In light of Trump’s attacks on women’s health and rights, on May 31, 2017, the Center for American Progress submitted a Freedom of Information Act (FOIA) request to the U.S. Department of Health and Human Services (HHS) for all records of religious accommodation requests submitted to the agency under the ACA’s contraceptive mandate. Records were requested from when the ACA went into effect to the date the FOIA request was submitted and included filings made by requesting entities as well as the agency’s responses.* The purpose of the FOIA request was to learn more about the impact of Hobby Lobby on the nature of religious accommodations sought under the existing regulations. We received 558 pages of documents from January 2014 to March 2016 in response to our request.**
+ Laura Dunn, founder and executive director of SurvJustice, and Jon Krakauer, author of Missoula: Rape and Justice in a College Town, made the case for maintaining—if not strengthening—Title IX protections for survivors in a NYT op-ed.
One of us is a survivor of campus rape who became a lawyer and established a national nonprofit group to help other survivors find justice; one of us is the author of a book about the real-world complexities of campus sexual assault that make such justice so elusive. Both of us are concerned that Ms. DeVos is about to make it even more difficult to hold student perpetrators accountable.
Allowing guilty students to dodge responsibility sustains the myth that victims routinely cry rape to exact revenge, or get attention, or assuage regret the morning after. Branded liars or dismissed as crazy, victims are thus shamed, humiliated and marginalized, worsening the soul-crushing trauma that is a byproduct of sexual violence. And make no mistake: Women are raped vastly more often than men are falsely accused.
Campus sexual assault is a national scourge. A growing body of research makes this impossible to deny. Recent scandals at Baylor, Stanford, Florida State, the University of Montana and dozens of other institutions underscore the scale of the problem. Title IX has started to make schools safer, largely as a result of guidance issued by the Obama administration in 2011. If Ms. DeVos revokes these measures, the cost in human suffering is likely to be enormous.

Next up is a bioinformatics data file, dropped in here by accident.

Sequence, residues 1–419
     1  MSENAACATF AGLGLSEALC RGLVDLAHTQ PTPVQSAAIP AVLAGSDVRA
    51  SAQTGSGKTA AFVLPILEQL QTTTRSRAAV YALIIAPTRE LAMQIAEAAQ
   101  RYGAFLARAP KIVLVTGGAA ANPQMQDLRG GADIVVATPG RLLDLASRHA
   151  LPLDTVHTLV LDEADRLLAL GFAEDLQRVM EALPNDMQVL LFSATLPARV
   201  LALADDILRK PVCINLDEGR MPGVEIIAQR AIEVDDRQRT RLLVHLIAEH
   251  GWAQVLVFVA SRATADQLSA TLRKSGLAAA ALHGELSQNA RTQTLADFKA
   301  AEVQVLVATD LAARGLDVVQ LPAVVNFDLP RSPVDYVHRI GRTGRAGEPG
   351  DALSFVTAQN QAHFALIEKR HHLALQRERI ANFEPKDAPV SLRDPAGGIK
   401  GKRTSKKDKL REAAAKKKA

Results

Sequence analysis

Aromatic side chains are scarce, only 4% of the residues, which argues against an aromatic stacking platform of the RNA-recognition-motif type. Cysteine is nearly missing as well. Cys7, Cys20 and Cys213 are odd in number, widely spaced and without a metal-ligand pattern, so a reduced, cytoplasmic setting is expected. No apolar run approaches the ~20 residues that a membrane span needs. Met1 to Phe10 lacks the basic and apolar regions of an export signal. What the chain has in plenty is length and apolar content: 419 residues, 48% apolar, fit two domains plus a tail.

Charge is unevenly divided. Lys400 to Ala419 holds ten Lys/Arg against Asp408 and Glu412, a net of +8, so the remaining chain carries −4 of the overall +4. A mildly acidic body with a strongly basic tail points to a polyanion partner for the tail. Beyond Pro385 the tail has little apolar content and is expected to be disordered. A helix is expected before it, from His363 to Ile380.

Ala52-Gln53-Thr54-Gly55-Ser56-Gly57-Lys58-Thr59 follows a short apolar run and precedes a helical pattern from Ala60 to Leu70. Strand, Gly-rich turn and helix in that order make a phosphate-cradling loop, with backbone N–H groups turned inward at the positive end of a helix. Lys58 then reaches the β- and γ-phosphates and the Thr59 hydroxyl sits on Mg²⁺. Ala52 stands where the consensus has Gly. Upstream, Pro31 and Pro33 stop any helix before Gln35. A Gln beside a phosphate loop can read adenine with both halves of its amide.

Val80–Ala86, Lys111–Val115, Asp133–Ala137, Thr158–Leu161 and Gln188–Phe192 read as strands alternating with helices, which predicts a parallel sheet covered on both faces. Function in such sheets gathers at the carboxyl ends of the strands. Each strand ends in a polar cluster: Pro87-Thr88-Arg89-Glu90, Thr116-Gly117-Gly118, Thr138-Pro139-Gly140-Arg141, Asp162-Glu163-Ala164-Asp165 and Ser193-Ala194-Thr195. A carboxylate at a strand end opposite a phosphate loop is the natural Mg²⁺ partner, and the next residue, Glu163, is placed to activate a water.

+ A new report found that more LGBT people have been killed so far in 2017 than in all of 2016. And that’s not even including the Pulse nightclub shooting.
Media, Arts & Culture
+ Taylor Swift stood her ground during cross-examination at her sexual assault trial against DJ David Mueller, who she alleges groped her. Here are some of her best comebacks.
+ Kesha’s new album “Rainbow” is her first in five years, and her first since she went to rehab for an eating disorder and took her alleged rapist and abuser, producer Dr. Luke, to court. And it means a lot to her.
+ Jeffrey Lord was fired by CNN after tweeting a nazi salute at the president of Media Matters.
I’m a lecturer in computer science at Stanford. I’ve taught at least four different programming languages, including assembly. I’ve had a single-digit employee number in a startup. Yes, I’m a woman in tech.
I have known, worked for, and taught countless men who could have written the now-infamous Google “manifesto” — or who are on some level persuaded by it. Given these facts, I’d like to treat it — and them — with some degree of charity and try to explain why it generated so much outrage.
+ YouTube CEO Susan Wojcicki also had some feelings about the Google memo.
Yesterday, after reading the news, my daughter asked me a question. “Mom, is it true that there are biological reasons why there are fewer women in tech and leadership?”
That question, whether it’s been asked outright, whispered quietly, or simply lingered in the back of someone’s mind, has weighed heavily on me throughout my career in technology. Though I’ve been lucky to work at a company where I’ve received a lot of support—from leaders like Larry Page, Sergey Brin, Eric Schmidt, and Jonathan Rosenberg to mentors like Bill Campbell—my experience in the tech industry has shown me just how pervasive that question is.
+ The comedy streaming service Seeso is shutting down. A viral push to save one of the most inclusive shows on TV—Take My Wife—has now materialized, with stars Cameron Esposito and Rhea Butcher at the helm of the fight. In Season 2, the Take My Wife writers’ room was 43 percent women of color. 22 of 47 roles were played by out LGBTQ actors. The cast was 83 percent female, 25 percent women of color and 33 percent people of color. “Changing the power dynamics in television can be done,” Esposito wrote on Twitter, adding that “we came here to claim our space and make room for others.”